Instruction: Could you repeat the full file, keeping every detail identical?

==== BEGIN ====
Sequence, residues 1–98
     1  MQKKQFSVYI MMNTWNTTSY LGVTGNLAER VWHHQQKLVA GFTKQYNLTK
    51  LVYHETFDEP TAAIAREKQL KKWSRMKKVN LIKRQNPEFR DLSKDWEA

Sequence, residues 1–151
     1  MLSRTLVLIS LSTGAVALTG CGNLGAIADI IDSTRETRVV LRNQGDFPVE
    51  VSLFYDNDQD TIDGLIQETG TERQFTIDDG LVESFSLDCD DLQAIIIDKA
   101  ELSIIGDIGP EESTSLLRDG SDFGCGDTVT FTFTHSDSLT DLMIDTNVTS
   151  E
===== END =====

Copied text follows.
Sequence, residues 1–98
     1  MQKKQFSVYI MMNTWNTTSY LGVTGNLAER VWHHQQKLVA GFTKQYNLTK
    51  LVYHETFDEP TAAIAREKQL KKWSRMKKVN LIKRQNPEFR DLSKDWEA

Sequence, residues 1–151
     1  MLSRTLVLIS LSTGAVALTG CGNLGAIADI IDSTRETRVV LRNQGDFPVE
    51  VSLFYDNDQD TIDGLIQETG TERQFTIDDG LVESFSLDCD DLQAIIIDKA
   101  ELSIIGDIGP EESTSLLRDG SDFGCGDTVT FTFTHSDSLT DLMIDTNVTS
   151  E